THE HEART-STOPPING MEMOIR, NOW A MAJOR MOTION PICTURE STARRING SHAILENE WOODLEY AND SAM CLAFLIN, AND DIRECTED BY BALTASAR KORMAKUR (EVEREST) A compelling, at times devastating, ultimately inspiring account of how much can go wrong on the ocean and how, miraculously, one woman conquered her own fears. `An inspirational and empowering read' Shailene Woodley Young and in love, their lives ahead of them, Tami Oldham and her fiance Richard Sharp set sail from Tahiti under brilliant blue skies, with Tami's hometown of San Diego as their ultimate destination. But the two free spirits and avid sailors couldn't anticipate that less than two weeks into their voyage, they would sail directly into one of the most catastrophic hurricanes in recorded history. They found themselves battling pounding rain, waves the size of skyscrapers, and 140 knot winds. Richard tethered himself to the boat and sent Tami below to safety, and then all went eerily quiet. Hours later, Tami awakened to find the boat in ruins, and Richard nowhere in sight. Adrift is the story of Tami's miraculous forty-one-day journey to safety on a ravaged boat with no motor and no masts, and with little hope for rescue. It's a tale of love and survival on the high seas- an unforgettable story about resilience of the human spirit, and the transcendent power of love. Previously published as Red Sky in Mourning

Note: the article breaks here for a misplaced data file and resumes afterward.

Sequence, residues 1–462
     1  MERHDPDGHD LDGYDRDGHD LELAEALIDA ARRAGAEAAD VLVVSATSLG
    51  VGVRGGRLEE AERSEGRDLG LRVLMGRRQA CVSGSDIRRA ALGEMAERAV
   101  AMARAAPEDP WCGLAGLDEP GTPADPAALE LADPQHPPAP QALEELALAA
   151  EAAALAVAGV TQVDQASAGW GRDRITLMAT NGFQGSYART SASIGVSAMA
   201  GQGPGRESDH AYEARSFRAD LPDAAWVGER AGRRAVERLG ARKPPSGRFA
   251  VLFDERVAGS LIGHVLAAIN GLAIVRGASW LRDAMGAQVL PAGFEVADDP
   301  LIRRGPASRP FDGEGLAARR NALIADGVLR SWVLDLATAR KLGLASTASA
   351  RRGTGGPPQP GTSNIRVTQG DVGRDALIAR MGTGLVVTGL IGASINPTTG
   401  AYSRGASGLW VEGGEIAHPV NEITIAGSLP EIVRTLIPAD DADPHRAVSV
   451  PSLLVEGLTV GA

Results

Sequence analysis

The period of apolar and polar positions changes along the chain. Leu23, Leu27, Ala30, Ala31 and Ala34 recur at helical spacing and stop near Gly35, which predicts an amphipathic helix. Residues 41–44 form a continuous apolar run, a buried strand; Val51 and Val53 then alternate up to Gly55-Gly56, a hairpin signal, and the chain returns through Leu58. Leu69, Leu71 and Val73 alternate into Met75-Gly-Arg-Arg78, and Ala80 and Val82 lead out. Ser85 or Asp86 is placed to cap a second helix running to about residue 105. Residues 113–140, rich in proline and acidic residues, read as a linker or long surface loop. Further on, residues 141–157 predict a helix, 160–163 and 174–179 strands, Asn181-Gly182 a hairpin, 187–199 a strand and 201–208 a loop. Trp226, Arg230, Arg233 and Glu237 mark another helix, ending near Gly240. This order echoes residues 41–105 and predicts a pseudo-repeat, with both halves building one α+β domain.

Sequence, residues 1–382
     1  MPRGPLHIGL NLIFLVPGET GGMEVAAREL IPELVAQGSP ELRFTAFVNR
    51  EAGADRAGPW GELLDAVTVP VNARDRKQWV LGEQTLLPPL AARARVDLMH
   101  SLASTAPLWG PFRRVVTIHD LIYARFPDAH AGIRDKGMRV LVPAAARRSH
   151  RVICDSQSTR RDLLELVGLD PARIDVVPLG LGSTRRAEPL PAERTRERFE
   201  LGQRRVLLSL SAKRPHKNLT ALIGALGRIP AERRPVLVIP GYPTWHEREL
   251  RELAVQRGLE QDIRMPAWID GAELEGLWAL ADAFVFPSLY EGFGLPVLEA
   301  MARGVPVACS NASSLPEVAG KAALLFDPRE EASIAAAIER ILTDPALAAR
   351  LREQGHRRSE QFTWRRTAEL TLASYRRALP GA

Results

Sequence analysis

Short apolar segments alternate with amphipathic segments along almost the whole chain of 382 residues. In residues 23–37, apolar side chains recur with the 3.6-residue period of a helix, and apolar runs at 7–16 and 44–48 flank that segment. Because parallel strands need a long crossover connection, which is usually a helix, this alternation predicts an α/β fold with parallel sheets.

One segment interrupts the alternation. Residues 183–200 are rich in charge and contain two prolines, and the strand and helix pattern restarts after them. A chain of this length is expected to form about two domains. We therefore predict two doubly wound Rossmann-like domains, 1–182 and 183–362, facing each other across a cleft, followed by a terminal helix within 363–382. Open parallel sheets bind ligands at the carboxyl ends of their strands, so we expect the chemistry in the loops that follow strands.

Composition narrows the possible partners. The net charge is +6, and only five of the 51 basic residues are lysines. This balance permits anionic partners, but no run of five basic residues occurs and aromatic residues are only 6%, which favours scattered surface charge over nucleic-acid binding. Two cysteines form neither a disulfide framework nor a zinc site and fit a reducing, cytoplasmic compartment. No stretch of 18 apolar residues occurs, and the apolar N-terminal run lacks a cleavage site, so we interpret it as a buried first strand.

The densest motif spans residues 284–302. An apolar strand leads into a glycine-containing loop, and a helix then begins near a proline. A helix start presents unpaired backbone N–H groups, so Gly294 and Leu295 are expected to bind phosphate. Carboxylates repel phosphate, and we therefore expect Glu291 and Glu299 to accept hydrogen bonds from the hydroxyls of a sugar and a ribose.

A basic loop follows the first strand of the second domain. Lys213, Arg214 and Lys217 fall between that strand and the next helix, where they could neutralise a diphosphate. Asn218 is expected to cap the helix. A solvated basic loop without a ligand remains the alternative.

`John Douglas is the FBI's pioneer and master of investigative profiling, and one of the most exciting figures in law enforcement I've had the privilege of knowing' Patricia Cornwell `John Douglas knows more about serial killers than anybody in the world' Jonathan Demme, Director of The Silence of the Lambs In The Killer Across the Table, legendary FBI criminal profiler and number one bestselling author John Douglas delves deep into the lives and crimes of four of the most disturbing and complex predatory killers he's encountered, offering never-before-revealed details about his profiling process and divulging the strategies used to crack some of his most challenging cases. Former Special Agent John Douglas has sat across the table from many of the world's most notorious killers - including Charles Manson, Jeffrey Dahmer, `Coed Killer' Edmund Kemper, `Son of Sam Killer' David Berkowitz and `BTK Strangler' Dennis Rader, and has also been instrumental in the exoneration of Amanda Knox and the West Memphis Three. He has gone on to become a legend in the world of criminal investigative analysis, and his work has inspired TV shows and films such as Mindhunter, Criminal Minds and The Silence of the Lambs. In this riveting work of true crime, Douglas spotlights four very different criminals he's confronted over the course of his career, and explains how they helped him to put together the puzzle of how psychopaths and predators think. Taking us inside the interrogation room and demonstrating the unique techniques he uses to understand the workings of the most terrifying and incomprehensible minds, The Killer Across the Table is an unputdownable journey into the darkest reaches of criminal profiling and behavioural science from a man who knows serial killers better than anyone else. As Douglas says: `If you want to understand the artist, look at his art.' If you want to understand what makes a murderer, start here.